I suppose we could discuss this further but I really dont want to argue. I admit that quaterization and tourniquets have been portaited by movies in a ridiculous light, but as far as "last resort solutions" go, they have been used and are being used to this day. Just recently I have seen "the Grey" which is a total Hollywood bullshit and I just laughed my ass off a the FA in that movie (and movie in general, especially Liam Neelson saying the "wolves are man-killers", what a box office bullshit...), but the actual real life practises do work.

We are now talking about the field surgeries, something ordinary people should not attempt unless there is no other choice - and your comment on applying direct pressure on the would stopping even the most severe bleeding is wrong. Injuries happen when the bleeding wound cannot be clamped down, so direct pressure cannot stop bleeding, even with a whole team of doctors - if the artery is split down the middle and the tear is a centimeter long, its a farewell - the most direct pressure will do is prolong suffering. In fact, in those cases localized quarterization can be the last possible shot one might have, assuming it works, which it often doesnt.

I think a lot of people here are taking too much into consideration what they were taught over the years by the american healthcare and education. Which I think is a mistake, american healthcare is at the level of stone age compared to european, and most of the world - even Cuba has a lot better healthcare then the US. Met quite a few people who believed that blood in veins is blue, and would argue it with me because they were taught this in school.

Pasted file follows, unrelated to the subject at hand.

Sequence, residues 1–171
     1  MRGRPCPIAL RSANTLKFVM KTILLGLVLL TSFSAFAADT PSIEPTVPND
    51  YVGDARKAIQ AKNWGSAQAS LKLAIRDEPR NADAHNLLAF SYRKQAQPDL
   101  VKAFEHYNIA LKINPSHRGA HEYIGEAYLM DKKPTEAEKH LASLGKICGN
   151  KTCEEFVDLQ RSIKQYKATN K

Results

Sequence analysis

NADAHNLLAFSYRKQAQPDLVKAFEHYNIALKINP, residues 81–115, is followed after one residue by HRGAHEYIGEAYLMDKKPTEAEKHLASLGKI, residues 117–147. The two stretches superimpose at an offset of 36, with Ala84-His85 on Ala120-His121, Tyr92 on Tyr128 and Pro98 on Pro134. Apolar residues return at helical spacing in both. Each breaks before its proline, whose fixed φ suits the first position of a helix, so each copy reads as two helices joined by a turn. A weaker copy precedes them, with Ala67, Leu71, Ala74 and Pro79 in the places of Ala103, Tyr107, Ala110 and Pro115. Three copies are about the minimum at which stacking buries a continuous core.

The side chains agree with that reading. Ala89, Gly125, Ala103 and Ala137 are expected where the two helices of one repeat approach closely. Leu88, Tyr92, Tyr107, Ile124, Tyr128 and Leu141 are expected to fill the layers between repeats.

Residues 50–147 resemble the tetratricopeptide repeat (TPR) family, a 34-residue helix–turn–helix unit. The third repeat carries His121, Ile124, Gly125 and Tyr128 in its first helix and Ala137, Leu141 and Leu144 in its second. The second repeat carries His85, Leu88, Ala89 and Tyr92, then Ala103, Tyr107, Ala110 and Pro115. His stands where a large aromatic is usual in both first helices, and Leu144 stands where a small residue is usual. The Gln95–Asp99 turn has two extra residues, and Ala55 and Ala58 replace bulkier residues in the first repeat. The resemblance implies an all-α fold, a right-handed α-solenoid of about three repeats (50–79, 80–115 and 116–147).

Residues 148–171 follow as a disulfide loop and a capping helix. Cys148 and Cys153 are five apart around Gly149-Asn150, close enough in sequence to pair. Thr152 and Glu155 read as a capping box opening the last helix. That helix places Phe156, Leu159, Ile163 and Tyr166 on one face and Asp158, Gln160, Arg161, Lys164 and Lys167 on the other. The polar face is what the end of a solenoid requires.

The truth is, quarterization and tourniquets do not stop bleeding - they simply slow it down, significantly. The idea in that case is that a massive bleeding is reduced to small bleeding, which the body will eventually seal on its own, to which point you simply need to keep the wound elevated and give patient a lot of water. Direct pressure and "stitching" works on the same principle as well - but is only effective if done by a trained person. Its benefit is that it doesnt destroy more tissue like quarterization does - which is why hospitals dont utilize such quarterization in surgeries (except for modern electro quarterization or the chemical one) - that particular method is very brutal, and the patient can quite easily die of shock as a result. But both those methods have long history, albeit with rather small effectiveness. If there is a myth about quarterization, its that it disinfects the wound, which it doesnt - quite opposite, actually. It causes massive damage to tissue which is inviting for infection.